If it was up to Claudio Lotito, Lazio would be back in training already.
Italy has been in a state of national lockdown since March 9, as it works to contain a coronavirus outbreak that has cost more than 21,000 lives in the country so far. But the president of the club that sits second in Serie A, its top domestic soccer league, believes it is past time that professional athletes should be allowed to return to their jobs.
“I support respecting the rules of the state,” Lotito stressed in an interview with his team’s official radio station, Lazio Style, on April 7. “[But] I do not understand what motives there could be for not resuming training sessions. There is no medical-scientific basis for preventing a soccer player from going about their activities. With appropriate means of prevention in place, the conditions are right for them to go about their work in safety. Training is an act of work, not recreation.”
Lotito has stronger incentives than most to see soccer resume.
Lazio, who have won Serie A only twice in their 120-year history, were unbeaten in 21 games when play was suspended. They trail the league leaders, Juventus, by a single point. His proposal was only for a resumption of training sessions, not yet competitive games, but opponents have accused him of putting sporting ambitions ahead of the public’s health. No other Serie A club owner has publicly supported his position, while several have spoken against it. Some have argued for the 2019-20 season to be abandoned and declared void.
Yet Lotito might not be so far away from getting what he wants. Italian soccer’s governing bodies are actively preparing for the possibility that training could resume early next month, with the head of the federation’s medical committee Paolo Zeppilli detailing guidelines that would see returning players divided into three groups: those who have never knowingly been infected, those who have tested positive but only with light symptoms, and those who have been sick. Anyone in the latter group would need to undergo a pulmonary CT scan and additional cardiological tests before being allowed to play.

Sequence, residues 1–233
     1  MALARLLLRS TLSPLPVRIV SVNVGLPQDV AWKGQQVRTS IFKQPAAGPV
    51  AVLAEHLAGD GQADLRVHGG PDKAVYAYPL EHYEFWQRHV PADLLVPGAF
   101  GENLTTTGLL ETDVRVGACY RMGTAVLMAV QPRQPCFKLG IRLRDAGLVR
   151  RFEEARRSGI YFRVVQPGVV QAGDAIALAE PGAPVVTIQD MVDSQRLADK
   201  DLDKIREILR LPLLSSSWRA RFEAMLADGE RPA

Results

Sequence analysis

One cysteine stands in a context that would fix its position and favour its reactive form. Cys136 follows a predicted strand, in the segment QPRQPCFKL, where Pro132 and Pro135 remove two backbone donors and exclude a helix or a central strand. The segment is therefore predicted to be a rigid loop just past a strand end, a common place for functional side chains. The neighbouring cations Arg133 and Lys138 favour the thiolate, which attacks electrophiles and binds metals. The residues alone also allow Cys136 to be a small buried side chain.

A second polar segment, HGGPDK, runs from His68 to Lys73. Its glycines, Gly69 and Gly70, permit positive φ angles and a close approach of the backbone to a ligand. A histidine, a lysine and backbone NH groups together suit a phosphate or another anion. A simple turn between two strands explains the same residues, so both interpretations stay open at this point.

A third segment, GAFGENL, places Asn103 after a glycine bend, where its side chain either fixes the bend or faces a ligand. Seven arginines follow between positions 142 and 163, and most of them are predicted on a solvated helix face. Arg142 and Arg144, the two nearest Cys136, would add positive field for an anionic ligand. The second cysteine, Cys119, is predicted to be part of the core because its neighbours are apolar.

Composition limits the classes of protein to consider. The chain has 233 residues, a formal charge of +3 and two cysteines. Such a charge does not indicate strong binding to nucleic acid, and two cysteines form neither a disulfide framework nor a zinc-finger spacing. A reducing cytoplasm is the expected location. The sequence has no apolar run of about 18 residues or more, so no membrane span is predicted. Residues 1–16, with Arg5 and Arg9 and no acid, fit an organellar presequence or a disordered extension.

The president of the sport’s national federation, Giuseppe Gravina, insisted this week that the 2019-20 season would be brought to a conclusion — however long it took.
Italy’s lockdown, which has closed all non-essential businesses, banned public gatherings and confined people to their homes, is scheduled to expire on May 4. In reality, that date is a moving target. The government has been extending the lockdown a few weeks at a time, trying to stay flexible in their response to the crisis.
The terms were loosened slightly on Tuesday, allowing bookshops and children’s clothing stores to open. Prime minister Giuseppe Conte has expressed optimism that more may be possible soon, but stressed he will act in line with scientific guidance. There are signs that lockdown is helping to contain the spread of the coronavirus, with the daily rate of deaths and new infections trending downwards, but 602 people still lost their lives to the virus in Italy on Tuesday.
Soccer is hardly an essential business, of course. Lotito’s case is simply that top-level clubs can offer their employees a safer workplace than most. “Everything would take place under a regime of constant checks,” he said, as he laid out his vision for how training could resume. “There would be preventative screening measures: blood tests and swabs that would allow players to enter into a sporting centre that has been highly sanitised, like [Lazio’s training facility in] Formello. They could avoid any type of contact or contagion.”
The practicality of these claims deserves scrutiny. Italy has been proactive in coronavirus testing, conducting more than three times as many tests, per unit of population, as European neighbours France and the United Kingdom. Yet shortages of reliable test kits have been reported globally and further evidence is required to prove that soccer clubs could conduct their own monitoring in-house, safely and without taking resources away from essential workforces or the emergency services.
At least one of the government’s leading medical advisors is skeptical. Giovanni Rezza, a specialist in infectious diseases at the Italian National Institute of Health, expressed his doubts during a news conference for the Department of Civil Protection on Monday.